Government Elearning! Magazine

WINTER 2016

Elearning! Magazine: Building Smarter Companies via Learning & Workplace Technologies.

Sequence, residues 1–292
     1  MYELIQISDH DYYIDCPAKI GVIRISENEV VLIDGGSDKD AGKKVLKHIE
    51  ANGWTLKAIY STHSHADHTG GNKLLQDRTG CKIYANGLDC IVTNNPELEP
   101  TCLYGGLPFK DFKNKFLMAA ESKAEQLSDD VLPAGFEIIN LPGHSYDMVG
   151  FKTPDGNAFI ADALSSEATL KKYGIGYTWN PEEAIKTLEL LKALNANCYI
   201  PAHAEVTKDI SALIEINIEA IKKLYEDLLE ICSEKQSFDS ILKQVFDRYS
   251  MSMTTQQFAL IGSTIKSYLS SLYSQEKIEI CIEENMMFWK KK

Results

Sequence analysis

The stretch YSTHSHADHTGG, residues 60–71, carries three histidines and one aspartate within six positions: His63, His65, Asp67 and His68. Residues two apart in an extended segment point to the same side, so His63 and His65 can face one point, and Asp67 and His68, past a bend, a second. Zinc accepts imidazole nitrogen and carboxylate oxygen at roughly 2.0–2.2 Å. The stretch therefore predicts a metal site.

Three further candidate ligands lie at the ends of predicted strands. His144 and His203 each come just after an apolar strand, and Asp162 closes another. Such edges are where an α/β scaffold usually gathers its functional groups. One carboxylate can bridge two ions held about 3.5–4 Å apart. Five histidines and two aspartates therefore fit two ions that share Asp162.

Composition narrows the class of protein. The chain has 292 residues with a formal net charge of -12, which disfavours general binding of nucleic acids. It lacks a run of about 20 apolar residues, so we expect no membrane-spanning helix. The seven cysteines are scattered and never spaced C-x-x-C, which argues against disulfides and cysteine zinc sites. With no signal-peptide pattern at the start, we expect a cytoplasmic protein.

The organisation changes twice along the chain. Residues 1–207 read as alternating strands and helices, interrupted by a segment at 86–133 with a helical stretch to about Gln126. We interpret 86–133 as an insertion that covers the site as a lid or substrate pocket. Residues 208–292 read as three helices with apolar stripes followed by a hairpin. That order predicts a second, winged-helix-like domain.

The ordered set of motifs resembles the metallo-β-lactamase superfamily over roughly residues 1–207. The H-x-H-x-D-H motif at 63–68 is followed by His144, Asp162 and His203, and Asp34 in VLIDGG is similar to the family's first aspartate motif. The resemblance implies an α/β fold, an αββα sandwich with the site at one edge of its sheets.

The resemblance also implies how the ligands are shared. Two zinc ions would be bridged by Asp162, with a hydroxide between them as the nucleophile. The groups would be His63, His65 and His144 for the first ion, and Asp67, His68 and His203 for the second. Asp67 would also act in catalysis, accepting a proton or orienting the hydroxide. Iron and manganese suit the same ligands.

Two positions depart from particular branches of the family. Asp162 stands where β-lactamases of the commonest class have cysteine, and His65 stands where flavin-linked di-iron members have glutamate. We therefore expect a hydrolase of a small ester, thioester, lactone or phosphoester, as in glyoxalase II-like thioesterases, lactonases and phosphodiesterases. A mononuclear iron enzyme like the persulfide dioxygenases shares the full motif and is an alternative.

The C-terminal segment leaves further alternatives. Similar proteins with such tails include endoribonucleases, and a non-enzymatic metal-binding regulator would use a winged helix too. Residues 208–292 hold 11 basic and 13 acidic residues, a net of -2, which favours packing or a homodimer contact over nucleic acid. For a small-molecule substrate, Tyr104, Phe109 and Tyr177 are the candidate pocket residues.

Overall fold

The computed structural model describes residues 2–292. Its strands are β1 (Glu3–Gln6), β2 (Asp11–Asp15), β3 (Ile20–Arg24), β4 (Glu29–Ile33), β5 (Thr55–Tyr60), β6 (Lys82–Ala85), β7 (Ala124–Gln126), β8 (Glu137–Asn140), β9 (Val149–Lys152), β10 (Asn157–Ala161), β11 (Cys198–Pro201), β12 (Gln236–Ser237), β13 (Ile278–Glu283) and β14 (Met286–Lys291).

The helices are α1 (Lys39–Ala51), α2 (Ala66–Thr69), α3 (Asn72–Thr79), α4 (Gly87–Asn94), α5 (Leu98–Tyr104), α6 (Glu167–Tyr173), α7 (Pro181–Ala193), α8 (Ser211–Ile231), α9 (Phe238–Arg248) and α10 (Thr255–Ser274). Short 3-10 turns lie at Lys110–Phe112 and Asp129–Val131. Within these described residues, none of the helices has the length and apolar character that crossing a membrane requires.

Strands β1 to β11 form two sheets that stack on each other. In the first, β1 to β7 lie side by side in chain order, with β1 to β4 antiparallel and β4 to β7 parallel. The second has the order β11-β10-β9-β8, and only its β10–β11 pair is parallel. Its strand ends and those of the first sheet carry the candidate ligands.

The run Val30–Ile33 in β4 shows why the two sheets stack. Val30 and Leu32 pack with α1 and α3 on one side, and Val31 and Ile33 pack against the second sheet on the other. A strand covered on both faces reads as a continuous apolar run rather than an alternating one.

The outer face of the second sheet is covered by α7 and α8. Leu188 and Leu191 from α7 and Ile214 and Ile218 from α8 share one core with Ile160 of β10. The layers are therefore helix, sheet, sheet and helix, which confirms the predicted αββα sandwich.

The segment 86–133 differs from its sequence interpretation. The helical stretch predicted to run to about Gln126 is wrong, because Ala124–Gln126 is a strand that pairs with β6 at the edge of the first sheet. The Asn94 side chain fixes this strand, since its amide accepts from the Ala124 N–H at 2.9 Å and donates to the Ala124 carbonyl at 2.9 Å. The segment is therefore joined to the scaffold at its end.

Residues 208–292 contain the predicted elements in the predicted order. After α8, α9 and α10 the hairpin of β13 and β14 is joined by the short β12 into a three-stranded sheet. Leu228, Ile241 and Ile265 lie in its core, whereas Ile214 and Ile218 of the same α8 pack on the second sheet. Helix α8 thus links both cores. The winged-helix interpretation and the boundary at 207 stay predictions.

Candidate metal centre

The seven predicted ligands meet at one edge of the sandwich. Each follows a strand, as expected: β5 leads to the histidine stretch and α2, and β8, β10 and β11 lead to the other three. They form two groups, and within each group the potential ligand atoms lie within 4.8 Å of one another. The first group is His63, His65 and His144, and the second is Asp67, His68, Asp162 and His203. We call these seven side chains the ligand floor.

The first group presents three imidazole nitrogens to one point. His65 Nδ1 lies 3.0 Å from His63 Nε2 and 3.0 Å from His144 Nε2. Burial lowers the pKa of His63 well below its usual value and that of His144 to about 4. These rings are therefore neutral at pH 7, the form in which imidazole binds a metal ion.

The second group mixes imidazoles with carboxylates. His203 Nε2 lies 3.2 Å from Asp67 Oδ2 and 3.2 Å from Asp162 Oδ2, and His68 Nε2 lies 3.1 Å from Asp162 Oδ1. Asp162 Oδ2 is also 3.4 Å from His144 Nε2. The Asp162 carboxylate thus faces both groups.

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Government Elearning! Winter 2016 21 that feeling discrimination firsthand while walking a mile in someone else's shoes [through virtual reality] is a better way to change attitudes and behavior." Bailenson and his team have validated the so called "Proteus Effect," in which the behavior of an individual, within online virtual worlds, is changed by the visual characteristics of their avatar. Stanford's Virtual Human Interaction Lab has even conducted experiments simulating the feeling of being a cow in virtual reality. Subjects donned a VR headset, got down on all fours, and when the simulation was turned on found themselves in a virtual pas- ture. e scene transitioned to the holding pen of a cattle truck, where a haptics system simulated the vibrations of the moving truck as it took them to the slaughterhouse. e study found that people felt more con- nected to the animals than those who simply watched the simulation play out on a screen and ultimately might be less likely to eat meat. is ability to be embodied as a dif- ferent person or even a different species is why virtual reality has been hailed as "e Ultimate Empathy Machine," by film maker Chris Milk. Imagine the opportunities to build this kind of empathy in sales and ser- vice training, coaching skill development, and diversity and inclusion programs. VR HEADSET MARKET e current generation virtual reality headsets range from a cardboard box for a few dollars to a $3,000 computer- headset bundle. If you're a New York Times subscriber, you might already own a VR headset. It recently provided over a million subscribers with a fold-your-own cardboard box, including plastic lenses, magnets, and Velcro. Just drop almost any smart phone into the "Google Cardbaord" box and experience VR for yourself. If you own certain models of the Samsung Galaxy, you can get a $99 GearVR headset, which offers a step up in comfort and quality from the cardboard box. With the new Google Pixel phone, you can buy a similarly priced Google Daydream headset. ese mobile headsets provide a good entry point to vir- tual reality. ey work well for shorter and more linear experiences, such as a 360-de- gree spherical video. At the high end of the virtual reality mar- ket, Facebook's Oculus Ri and HTC Vive are locked in race for market leadership. e HTC Vive comes with laser cameras and a very long cord connected to a PC that allows you to roam around a room up to 15 times 15 feet large. Using hand controllers, you can see representations of your hands in the virtual space. A clever visual overlay in the virtual scene indicates where the real-life walls are to keep you bumping into them. Both Microso and Oculus Ri have announced headsets that will occupy the middle ground between mobile and PC tethered headsets. ese devices will have trackers built in, rather than relying on ex- ternal laser cameras, making them easier to set up and use. ey are expected to hit the market sometime next year. Which virtual reality headset will be the winner? Or will we see a balkanized Mac vs. PC-style war of competing standards? Only time will tell. My advice would be to keep an open mind and not put all your chips on one system, yet. AUGMENTED REALITY On the heels of virtual reality is its cousin "augmented reality" (AR) or "mixed real- ity." We all got a taste of a crude form of AR via the explosion of Pokémon Go. Virginia Cooney at Lehigh Valley Health Network is already plotting a Pokémon GO-style game for orienting new med stu- dents to her campuses: "ey will get to know the new campus by walking around and finding the equivalence of poké balls and answer questions." But, the real breakthrough with aug- mented reality will be eye wear that proj- ects holographic images on top of the real world. "Augmented reality is the real game changer," says Robbie Melton of the Tennes- see Board of Regents. "We have three Holo- Lenses in our classrooms already." e Mi- croso HoloLens is a see-through headset that projects holographic images on top of the real world. "e HoloAnatomy is unbe- lievably impactful, it revolutionizes anatomy and physiology teaching", Melton said Melton is an industry veteran who puts the new technology in perspective. "I've been in the learning industry for 45 years, I hail from the time of chalkboards; virtual and augmented reality is by far the biggest technology revolution of my career." –Anders Gronstedt, Ph.D., (anders@gron- stedtgroup.com) is president of the Gronstedt Group, a digital training agency that custom develops learning games, simulations and online video. 'We should think of VR not as a media experience but closer to an actual experience.' –Jeremy Bailenson, Director of Stanford University's Virtual Human Interaction Lab

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